But, then, we get further on. See, it actually gets interesting, who is Scycorax? and who is Caliban? and who does Shakespeare think they are? and what’s he setting up as the sort of, like, the brutality or the earth that Caliban’s sooner or later got to acknowledge and got to take care of - Caliban (aside) "I must obey, His art is of such power/It would control my dam's god Setebos,/ and make a vasal of him" (and I don’t see any footnotes on Setebos, does anybody have anything on that? – Who would be? his mother? his mother's god, Setebos?  Does anybody  have any idea what that is?  from any other…? [to Student] -They didn’t teach you that in Warwick (University) who Setebos was?

Student: (We didn't have that explained, no)

AG: No, it seems to be crucial but nobody..there’s not even a footnote

Student: (I guess it's in) (Robert) Browning's poem on Caliban on Setebos, I don't know..

AG: Uh-huh. That’s right. It’s called "Caliban upon Setebos". I guess this point must have attracted Browning then to decipher Shakespeare’s conception of foolishness, through this phrase?, through this name, Setebos – I haven’t… I don’t remember..I don’t remember the Browning and I’ve never seen.. there’s no footnote in any book that I’ve got around. Does anybody have a footnote on Setebos in any of their books? [to Student]  Could you look at it? – I don’t think there’s one in yours.. you’ve got the ..

Student: (I can see here. I haven’t got the line tho'…)

AG: Oh I’m sorry, it’s  Act 1, Scene 2, line 373 – Yes –His art is of such power/It would control my dam's god Setebos,/ and make a vasal of him". In any case, Prospero’s art is sufficiently strong to control the god of Sycorax and make a slave of the god of Sycorax too. (So he's mad)  And Prospero does seem a little bit irritable with Caliban, constantly insulting him and calling him slave and insulting him with words. There is something.. I don’t know whether (or) how it looks on the stage but it does look intemperate.

Student: Wystan Auden had some naughty story about how Caliban was actually the son to (him)
AG: Yeah, that was what I was talking about just before you came in that, when Prospero.. That’s where I got it – That was Auden"s idea?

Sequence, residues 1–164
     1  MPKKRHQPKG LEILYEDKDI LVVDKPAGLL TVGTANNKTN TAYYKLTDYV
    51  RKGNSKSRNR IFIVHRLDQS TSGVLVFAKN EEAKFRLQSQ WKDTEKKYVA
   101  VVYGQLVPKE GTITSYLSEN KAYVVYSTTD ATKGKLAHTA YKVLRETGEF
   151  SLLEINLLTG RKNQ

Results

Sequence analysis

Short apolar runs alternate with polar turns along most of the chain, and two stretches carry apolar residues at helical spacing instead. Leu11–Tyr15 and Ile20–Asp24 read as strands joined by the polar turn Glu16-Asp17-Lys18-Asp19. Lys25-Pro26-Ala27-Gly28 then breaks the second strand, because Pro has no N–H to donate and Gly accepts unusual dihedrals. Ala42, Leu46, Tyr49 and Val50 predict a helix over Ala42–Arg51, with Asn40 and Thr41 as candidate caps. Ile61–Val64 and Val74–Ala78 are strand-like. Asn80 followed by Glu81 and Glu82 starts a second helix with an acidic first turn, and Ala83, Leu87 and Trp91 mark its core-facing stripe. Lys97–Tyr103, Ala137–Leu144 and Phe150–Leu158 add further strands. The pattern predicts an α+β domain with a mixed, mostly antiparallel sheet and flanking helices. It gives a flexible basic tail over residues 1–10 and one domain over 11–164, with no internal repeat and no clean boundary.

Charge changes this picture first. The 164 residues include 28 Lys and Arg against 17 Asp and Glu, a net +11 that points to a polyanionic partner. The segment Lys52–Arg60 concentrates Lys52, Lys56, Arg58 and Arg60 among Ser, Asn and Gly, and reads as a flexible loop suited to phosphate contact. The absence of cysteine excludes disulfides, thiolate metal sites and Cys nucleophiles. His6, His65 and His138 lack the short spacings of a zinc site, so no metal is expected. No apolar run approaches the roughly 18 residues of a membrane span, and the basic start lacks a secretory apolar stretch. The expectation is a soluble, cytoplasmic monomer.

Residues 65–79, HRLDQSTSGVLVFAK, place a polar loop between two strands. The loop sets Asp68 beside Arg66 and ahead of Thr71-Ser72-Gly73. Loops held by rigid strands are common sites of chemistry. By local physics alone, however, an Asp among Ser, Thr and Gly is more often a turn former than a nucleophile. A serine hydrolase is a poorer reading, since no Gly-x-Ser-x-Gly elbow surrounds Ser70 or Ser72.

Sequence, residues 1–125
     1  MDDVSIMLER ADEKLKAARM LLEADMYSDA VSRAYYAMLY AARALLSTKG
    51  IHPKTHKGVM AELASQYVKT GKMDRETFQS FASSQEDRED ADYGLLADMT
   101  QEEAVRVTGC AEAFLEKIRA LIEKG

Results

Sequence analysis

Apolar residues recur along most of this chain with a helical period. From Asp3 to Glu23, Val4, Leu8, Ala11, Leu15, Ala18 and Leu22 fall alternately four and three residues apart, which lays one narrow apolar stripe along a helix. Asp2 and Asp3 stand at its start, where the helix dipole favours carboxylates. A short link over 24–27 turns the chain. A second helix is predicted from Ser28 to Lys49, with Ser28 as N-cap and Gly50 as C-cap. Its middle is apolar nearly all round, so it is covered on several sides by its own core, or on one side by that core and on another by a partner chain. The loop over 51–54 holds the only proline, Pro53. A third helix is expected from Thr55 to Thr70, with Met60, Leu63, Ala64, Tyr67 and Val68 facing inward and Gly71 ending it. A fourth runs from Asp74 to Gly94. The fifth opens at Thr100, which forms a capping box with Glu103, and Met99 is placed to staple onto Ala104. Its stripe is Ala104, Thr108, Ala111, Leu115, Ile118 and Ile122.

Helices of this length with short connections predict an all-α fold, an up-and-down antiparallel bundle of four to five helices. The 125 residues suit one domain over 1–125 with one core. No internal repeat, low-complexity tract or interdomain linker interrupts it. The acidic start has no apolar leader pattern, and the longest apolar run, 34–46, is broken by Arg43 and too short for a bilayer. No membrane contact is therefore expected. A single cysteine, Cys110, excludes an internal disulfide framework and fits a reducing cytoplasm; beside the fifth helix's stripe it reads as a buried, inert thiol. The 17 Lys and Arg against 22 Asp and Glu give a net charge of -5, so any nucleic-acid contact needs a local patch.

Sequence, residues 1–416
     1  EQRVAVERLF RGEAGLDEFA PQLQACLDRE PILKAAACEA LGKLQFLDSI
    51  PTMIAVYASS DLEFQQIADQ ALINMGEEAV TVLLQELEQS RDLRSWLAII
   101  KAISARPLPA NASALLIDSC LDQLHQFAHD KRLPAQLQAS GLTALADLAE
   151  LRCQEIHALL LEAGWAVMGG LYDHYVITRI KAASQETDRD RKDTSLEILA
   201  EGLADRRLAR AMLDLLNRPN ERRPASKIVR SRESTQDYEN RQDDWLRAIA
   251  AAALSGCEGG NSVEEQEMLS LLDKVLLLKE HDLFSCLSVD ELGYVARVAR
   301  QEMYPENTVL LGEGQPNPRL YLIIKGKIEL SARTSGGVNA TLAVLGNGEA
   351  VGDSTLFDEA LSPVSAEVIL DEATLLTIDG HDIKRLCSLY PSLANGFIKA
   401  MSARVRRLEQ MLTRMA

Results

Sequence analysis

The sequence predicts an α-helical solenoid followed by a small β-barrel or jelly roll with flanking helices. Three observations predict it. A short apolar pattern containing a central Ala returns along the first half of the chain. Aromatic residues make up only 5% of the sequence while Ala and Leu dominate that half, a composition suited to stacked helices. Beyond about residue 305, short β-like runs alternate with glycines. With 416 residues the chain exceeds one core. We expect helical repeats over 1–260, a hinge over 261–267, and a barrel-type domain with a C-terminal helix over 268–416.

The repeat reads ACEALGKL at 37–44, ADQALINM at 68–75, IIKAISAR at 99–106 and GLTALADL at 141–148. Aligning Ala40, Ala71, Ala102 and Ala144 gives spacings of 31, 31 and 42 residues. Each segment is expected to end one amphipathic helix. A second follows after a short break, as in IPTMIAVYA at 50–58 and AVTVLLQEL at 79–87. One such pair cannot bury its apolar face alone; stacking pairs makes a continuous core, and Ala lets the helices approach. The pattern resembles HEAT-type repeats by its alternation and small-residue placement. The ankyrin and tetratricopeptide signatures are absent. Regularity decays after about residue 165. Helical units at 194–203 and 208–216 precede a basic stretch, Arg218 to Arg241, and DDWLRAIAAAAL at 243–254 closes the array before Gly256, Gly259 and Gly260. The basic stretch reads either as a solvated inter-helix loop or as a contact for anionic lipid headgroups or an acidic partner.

Student: It's in The Sea and The Mirror..
AG: Right, Because there’s a great commentary on this by Auden called The Sea and The Mirror, in which Auden does have that proposition that Caliban arrives on the island so horny that he was fucking Sycorax, and that’s…
Student: Prospero was..
AG: That Prospero was screwing Scycorax,  and that's how Caliban got born
Student: He already had his three-year-old daughter with him
AG: Yeah. Actually, I mentioned that idea before but I didn’t remember where I heard it ever.

Now, let’s see what we’ve got here.
Then we have a pretty little song coming – “Come Unto These Yellow Sands”  )"Come unto these yellow sands,/And then take hands;/Courtsied when you have and kiss'd/The wild waves whist..” – "The wild waves whist"? – does anybody know what that means? There’s a little footnote, but I never.. yeah?.. so that the way that would sound is that, while you are kissing me…while the waves have hushed, or in-between the waves, or in-between the noise of the waves. So there’s a kind of silence invoked – that's Act 1, Scene 2, line 378 – "the wild waves whist” – I had never figured that out before I read it this time around.




Then we have Ferdinand’s speech, which is quoted by (T.S.) Eliot, you know, “Sitting on a bank, weeping again the king my father's wreck,/This music crept by me upon the waters"  (Ariel’s music) - Everybody read The Waste Land?
Well, back in the (19)40’s when everybody read "The Waste Land"  this weeping.. the king my father's wreck"… (and the king, his father before him, I think, Eliot adds)  and, "This music crept by me upon the.waters" - that was, sort of, very magical phrasing, quoted from Shakespeare by Eliot , sounding very mysterious in the Eliot context in turning on all the Eliot, modern Eliot, students to go back and read The Tempest actually (that’s why I read The Tempest, because I saw those phrases quoted from Shakespeare, and since Eliot's "Waste Land" was taught the first.. when you got to Shakespeare, actually, well, The Tempest anyway, the Eliot quote lead to reading this)